Historically nationalised enterprises always ended up operating much less efficiently than did privatised enterprises (although once again, I really would like to see what a workers' partnership system would do), and given that Britain was competing against foreign rivals who were using the optimal capitalist system, there really was no choice in how to proceed.

Blair's other great genius was to realise that the Labour Party was its own worst enemy where general elections are concerned (some things do not change; it still is). A smart leader would thus do everything in his power to gag the majority of the Labour candidates, and distribute a sensible and electable message from Party Central. This method is still practised by all political parties with the exceptions of UKIP and the Greens.

This method got Blair into power very successfully indeed, and kept him there. Power seemed to be an end in its self for Blair; he goes down in history as a leader who was scarily successful at getting elected, but who was otherwise pretty crap at his job.

122:

Actually, in terms of paper trails and difficulty in rigging votes, I'd say you're well ahead of us, in a back-to-the-future fashion.

Thanks for clarifying that, and to Anonemouse as well.


Since the Iowa elections market also has money involved, I'd say that if you want good elections predictions, follow the paying bets, not the polls. After all, the polling organizations get paid whether they screw up or not, whereas the gamblers only get paid by being right.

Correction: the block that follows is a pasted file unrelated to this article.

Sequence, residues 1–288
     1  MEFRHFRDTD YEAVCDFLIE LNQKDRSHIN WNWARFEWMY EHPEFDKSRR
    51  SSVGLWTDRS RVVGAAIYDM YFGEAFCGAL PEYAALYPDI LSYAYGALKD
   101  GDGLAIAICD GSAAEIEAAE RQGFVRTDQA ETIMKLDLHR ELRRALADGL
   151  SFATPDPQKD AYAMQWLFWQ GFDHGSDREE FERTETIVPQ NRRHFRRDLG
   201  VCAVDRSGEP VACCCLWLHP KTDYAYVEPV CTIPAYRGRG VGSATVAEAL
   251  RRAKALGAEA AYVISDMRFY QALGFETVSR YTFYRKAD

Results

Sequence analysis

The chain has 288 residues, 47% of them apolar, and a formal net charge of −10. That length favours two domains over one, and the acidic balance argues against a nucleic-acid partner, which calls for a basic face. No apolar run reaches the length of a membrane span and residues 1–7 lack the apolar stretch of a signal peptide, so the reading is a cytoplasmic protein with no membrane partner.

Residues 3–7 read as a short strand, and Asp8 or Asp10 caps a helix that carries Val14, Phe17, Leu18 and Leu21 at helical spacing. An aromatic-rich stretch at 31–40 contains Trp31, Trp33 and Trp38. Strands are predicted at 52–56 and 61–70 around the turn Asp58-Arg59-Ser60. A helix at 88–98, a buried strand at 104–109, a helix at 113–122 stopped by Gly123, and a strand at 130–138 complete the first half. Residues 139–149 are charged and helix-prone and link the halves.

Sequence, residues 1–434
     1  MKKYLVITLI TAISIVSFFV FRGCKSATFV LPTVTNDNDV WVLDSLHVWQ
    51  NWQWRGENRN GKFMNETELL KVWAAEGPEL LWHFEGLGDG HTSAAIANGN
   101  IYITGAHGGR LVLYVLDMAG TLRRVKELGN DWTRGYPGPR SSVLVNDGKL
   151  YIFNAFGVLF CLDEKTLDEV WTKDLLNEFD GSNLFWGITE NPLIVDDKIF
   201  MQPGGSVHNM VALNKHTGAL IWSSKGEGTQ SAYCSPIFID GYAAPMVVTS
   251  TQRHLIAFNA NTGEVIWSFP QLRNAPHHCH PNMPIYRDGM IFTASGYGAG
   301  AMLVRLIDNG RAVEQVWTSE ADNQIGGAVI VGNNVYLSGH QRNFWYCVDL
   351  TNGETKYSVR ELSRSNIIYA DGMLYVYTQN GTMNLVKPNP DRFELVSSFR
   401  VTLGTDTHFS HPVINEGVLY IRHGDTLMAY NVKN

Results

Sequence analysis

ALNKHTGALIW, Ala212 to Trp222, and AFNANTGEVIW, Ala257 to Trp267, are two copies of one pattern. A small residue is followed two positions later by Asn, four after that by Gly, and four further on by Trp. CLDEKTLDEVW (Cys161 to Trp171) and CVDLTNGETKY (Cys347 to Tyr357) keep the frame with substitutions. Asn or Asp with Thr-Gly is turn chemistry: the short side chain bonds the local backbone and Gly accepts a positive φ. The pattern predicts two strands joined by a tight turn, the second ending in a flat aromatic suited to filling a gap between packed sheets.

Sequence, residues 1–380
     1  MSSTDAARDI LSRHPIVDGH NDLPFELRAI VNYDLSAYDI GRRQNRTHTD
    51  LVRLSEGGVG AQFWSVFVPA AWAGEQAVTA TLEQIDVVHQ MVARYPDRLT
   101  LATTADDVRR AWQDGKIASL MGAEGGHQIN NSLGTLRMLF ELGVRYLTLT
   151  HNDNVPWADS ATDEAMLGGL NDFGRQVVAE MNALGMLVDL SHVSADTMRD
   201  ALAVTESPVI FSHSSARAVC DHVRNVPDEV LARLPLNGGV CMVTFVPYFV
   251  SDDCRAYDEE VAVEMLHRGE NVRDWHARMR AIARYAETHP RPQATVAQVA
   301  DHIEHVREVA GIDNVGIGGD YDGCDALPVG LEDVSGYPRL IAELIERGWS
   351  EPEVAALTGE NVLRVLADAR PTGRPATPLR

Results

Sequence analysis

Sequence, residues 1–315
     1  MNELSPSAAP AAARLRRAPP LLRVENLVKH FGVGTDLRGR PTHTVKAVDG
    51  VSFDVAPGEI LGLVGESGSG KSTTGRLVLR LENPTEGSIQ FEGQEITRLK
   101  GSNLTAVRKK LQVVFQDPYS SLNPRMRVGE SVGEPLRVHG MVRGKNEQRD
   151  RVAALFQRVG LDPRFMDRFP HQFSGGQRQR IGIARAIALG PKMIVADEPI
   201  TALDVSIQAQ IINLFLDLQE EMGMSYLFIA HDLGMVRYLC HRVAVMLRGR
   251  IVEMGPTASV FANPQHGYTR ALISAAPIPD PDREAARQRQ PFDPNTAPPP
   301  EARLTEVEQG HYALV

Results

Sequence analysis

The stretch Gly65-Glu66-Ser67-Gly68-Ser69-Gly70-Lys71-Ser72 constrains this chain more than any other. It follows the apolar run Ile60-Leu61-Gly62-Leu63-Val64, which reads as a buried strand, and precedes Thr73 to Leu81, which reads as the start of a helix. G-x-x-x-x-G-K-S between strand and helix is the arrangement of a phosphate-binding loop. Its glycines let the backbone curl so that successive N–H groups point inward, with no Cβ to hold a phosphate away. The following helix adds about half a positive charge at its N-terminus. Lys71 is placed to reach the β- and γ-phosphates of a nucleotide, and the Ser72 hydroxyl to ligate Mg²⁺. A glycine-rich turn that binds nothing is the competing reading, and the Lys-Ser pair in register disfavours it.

123:

Have you ever seen a UK ballot? Ballots are counted in public, under the nose of inspection teams from all the parties, by hand.

OCR machines to tally ballots weren't in use in this election, as far as I know. (They're used in Scottish parliamentary elections because of the list system used for some seats, but a manual fallback is always available.) Touchscreen electronic voting machines are never used.

Nobbling the count would be really hard. (Hint: I've been at an election count.)

124:

I'm surprised no one's talking about corruption in the vote count.

Probably because one poll was nearly spot on: the exit poll. That was the poll that asked actual voters how they had just voted.

That poll seems to tally pretty well with the counted results, whereas the opinion polls all came to a different figure. When two different systems come to two different results, and one of those results is wrong, you blame that system.

Voting itself is pretty easy, and since it uses physical marking of a simple ballot slip with no electrical shenanigans involved and the count is also done in public in full sight of the candidates, there is relatively little space for corruption there. Postal votes are another matter, and there are dark rumours about first generation immigrants (particularly their women folk) being controlled by their community leaders. In recent days a court has overturned a recent election in the London borough of Tower Hamlets after ghost voters were identified.